Washington, DC – Today, Congressman Jim Himes (CT-04) voted for the Justice in Policing Act which passed the House of Representatives of 236-181. This comprehensive legislative package would drastically reform policing, hold bad actors accountable, and help mend the relationship between law enforcement agencies and local communities. It sends a clear message that Black lives matter, are important, and must be protected.
“The House of Representatives has done its job today and acted on behalf of the people,” said Himes. “The Justice in Policing Act will bring reforms to police departments across the country, increasing accountability and showing a commitment to change and improvement.”
The Justice in Policing Act will:
- Make lynching a federal crime
- Limit and regulate the federal transfer of military weapons and equipment to state and local law enforcement agencies
- Increase accountability by:
- Making it easier to prosecute police misconduct;
- Reforming qualified immunity so that victims can recover damages when police violate their constitutional rights;
- Providing grants to states that adopt laws that mandate external and independent criminal investigations and prosecutions in cases of police misconduct;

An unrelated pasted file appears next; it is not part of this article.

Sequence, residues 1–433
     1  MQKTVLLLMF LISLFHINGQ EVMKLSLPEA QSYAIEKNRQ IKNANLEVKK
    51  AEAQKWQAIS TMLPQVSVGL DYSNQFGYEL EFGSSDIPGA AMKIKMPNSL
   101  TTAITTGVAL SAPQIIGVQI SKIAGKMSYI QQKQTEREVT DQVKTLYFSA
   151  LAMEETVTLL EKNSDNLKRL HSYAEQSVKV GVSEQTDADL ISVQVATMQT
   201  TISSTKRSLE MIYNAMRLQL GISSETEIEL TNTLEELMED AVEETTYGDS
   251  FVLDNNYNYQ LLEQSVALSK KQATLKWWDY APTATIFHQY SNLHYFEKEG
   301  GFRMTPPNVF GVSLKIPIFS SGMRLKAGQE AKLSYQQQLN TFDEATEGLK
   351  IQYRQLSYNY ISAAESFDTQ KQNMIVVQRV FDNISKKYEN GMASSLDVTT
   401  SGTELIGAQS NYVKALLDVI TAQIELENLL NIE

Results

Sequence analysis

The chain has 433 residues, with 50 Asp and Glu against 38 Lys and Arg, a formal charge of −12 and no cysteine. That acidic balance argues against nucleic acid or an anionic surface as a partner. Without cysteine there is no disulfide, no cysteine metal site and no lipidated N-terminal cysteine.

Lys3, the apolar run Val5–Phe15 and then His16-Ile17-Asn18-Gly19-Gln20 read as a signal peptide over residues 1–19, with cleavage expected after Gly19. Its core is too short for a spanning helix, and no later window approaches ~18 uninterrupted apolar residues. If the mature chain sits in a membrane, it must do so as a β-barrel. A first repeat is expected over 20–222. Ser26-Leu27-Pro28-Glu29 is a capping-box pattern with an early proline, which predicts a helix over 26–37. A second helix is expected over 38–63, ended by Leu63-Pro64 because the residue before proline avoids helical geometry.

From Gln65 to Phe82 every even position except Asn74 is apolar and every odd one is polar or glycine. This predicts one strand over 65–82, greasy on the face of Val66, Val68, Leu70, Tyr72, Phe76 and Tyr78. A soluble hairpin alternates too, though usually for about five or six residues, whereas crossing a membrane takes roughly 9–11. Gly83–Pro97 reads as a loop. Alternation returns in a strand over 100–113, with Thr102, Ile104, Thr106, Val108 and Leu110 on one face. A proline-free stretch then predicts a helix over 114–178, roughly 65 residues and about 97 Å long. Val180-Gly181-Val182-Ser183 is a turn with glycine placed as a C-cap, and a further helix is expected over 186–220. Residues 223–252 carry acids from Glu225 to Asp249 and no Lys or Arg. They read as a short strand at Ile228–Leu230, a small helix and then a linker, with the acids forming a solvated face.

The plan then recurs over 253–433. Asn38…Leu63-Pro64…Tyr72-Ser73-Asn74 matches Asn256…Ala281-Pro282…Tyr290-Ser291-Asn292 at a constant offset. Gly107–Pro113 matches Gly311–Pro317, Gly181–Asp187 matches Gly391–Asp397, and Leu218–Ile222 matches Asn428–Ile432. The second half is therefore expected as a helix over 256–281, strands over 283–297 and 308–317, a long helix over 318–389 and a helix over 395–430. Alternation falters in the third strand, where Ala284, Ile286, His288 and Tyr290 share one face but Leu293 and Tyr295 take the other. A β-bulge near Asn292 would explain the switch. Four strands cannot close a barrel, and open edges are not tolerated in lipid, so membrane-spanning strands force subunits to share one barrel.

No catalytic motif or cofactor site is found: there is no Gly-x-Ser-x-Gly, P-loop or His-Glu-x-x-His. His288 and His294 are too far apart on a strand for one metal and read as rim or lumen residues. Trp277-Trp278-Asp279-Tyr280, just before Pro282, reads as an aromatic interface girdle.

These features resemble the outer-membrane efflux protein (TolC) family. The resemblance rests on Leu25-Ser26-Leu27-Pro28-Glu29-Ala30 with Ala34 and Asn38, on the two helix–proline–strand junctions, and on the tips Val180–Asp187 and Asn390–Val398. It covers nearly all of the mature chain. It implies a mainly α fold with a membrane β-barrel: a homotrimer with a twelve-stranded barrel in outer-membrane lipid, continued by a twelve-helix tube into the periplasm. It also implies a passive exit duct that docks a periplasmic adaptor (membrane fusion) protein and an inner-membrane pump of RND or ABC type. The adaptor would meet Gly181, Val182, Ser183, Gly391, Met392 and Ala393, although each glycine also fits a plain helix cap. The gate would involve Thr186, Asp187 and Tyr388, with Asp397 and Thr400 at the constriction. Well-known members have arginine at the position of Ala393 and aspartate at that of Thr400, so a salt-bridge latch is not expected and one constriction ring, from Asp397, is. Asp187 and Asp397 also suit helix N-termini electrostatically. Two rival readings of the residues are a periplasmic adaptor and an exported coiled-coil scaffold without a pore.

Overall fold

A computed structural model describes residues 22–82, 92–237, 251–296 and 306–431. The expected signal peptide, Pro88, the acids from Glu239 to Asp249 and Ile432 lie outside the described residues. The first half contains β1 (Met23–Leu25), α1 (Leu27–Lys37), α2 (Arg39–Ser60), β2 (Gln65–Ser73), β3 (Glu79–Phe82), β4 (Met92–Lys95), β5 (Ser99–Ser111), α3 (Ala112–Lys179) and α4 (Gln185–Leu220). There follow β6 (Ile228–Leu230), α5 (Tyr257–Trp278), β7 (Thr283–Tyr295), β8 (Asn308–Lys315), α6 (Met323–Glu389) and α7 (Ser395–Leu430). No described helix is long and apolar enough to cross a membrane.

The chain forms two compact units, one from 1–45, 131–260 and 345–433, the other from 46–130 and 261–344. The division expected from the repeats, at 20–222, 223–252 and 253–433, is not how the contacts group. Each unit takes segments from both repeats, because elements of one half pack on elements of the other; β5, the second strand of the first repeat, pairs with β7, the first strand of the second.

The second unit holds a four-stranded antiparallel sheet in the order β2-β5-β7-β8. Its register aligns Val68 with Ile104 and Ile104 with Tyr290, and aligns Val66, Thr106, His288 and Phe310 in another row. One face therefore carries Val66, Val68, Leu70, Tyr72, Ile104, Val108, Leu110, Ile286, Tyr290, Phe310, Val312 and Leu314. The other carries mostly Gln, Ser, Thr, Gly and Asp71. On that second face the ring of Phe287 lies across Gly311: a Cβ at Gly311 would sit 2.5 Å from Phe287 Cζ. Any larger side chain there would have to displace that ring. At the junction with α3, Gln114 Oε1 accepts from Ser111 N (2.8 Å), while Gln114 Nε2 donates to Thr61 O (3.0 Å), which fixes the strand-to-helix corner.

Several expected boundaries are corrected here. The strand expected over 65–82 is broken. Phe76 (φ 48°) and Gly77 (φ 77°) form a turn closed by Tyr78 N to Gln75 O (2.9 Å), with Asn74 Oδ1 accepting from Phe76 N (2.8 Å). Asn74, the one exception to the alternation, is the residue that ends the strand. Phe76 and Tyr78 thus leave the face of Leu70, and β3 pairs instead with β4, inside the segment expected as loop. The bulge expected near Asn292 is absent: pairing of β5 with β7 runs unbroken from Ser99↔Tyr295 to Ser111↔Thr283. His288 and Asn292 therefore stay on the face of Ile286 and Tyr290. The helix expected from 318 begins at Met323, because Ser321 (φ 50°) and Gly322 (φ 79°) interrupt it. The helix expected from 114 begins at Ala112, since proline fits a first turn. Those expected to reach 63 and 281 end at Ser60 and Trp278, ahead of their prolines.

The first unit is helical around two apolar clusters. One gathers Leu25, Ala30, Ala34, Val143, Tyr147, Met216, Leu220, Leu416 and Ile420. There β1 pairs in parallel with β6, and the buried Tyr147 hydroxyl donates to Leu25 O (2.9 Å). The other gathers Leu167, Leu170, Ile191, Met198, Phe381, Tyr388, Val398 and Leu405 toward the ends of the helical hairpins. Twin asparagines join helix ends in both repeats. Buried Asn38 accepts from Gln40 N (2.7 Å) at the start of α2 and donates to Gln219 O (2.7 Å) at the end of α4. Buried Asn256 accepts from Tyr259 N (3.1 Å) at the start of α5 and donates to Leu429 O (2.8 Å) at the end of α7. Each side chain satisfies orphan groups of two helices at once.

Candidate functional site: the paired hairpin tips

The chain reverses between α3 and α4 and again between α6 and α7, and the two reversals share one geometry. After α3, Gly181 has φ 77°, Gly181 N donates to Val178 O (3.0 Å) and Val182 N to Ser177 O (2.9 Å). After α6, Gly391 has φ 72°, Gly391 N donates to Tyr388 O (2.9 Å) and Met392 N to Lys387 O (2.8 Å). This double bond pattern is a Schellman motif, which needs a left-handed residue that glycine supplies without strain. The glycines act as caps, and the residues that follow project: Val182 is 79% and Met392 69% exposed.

- Granting subpoena authority to the Department of Justice’s Civil Rights Division to investigate law enforcement agencies with a “pattern or practice” of violating constitutional rights and incentivizing states to adopt similar investigations.
- Promote best practices and improve officer training by:
- Outlawing racial, religious and discriminatory profiling;
- Requiring training on racial and implicit biases, procedural justice, and the duty to intervene;
- Banning no-knock warrants in drug cases;
- Prohibiting the use of chokeholds and carotid holds;
- Raising the standards for when force can be used and requiring that all reasonable alternatives, including de-escalation techniques, are used before deadly force;
- Mandating the use of dashboard and body cameras.
- Improve our understanding of police misconduct and use-of-force by:
- Requiring states to submit disciplinary, termination, and legal records against law enforcement officers to a National Police Misconduct Registry;
- Mandating that state and local law enforcement agencies report comprehensive use of force data to the federal government, including information about the victim and officer involved, the circumstance surrounding the incident, the reason force was used, etc.
“It’s been a month since George Floyd was cruelly murdered under the knee of a police officer,” continued Himes. “Floyd’s murder was not an isolated incident, but another tragic event in a long history of police brutality towards Black Americans. As I’ve joined protesters marching in Bridgeport, Stamford, Norwalk, Westport, Fairfield, and other communities in Southwest Connecticut, the message is loud and clear – we need systemic change, not more lip service or placating promises. The Justice in Policing Act delivers that change.”
If you have questions or comments, please contact Patrick Malone at Patrick.email@example.com or (202)225-5541.